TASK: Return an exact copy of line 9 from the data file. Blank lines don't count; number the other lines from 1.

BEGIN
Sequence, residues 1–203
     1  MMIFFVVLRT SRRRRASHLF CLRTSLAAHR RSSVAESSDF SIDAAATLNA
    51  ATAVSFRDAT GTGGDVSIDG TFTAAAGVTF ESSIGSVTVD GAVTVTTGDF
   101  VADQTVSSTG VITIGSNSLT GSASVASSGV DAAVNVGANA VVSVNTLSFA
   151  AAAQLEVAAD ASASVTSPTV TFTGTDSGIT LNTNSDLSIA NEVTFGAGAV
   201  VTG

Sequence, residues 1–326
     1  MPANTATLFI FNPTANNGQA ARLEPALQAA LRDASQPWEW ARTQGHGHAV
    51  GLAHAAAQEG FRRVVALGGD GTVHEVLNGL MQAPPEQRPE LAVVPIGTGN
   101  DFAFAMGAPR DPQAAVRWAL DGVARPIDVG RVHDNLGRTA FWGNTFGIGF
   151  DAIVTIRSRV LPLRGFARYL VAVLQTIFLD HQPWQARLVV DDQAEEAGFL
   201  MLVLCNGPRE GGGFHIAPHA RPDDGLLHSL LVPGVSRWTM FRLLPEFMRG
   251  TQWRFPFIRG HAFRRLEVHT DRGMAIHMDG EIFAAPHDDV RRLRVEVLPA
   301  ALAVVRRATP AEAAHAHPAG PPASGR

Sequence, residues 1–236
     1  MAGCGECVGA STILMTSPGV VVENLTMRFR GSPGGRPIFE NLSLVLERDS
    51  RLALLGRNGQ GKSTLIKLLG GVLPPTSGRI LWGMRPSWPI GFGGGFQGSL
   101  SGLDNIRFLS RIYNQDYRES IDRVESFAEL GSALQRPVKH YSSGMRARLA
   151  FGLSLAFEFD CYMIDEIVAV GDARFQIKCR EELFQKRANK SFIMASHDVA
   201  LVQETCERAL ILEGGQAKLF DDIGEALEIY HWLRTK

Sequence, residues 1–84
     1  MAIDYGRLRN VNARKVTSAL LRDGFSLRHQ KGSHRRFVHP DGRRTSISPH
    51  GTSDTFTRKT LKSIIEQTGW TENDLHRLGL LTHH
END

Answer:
    51  GLAHAAAQEG FRRVVALGGD GTVHEVLNGL MQAPPEQRPE LAVVPIGTGN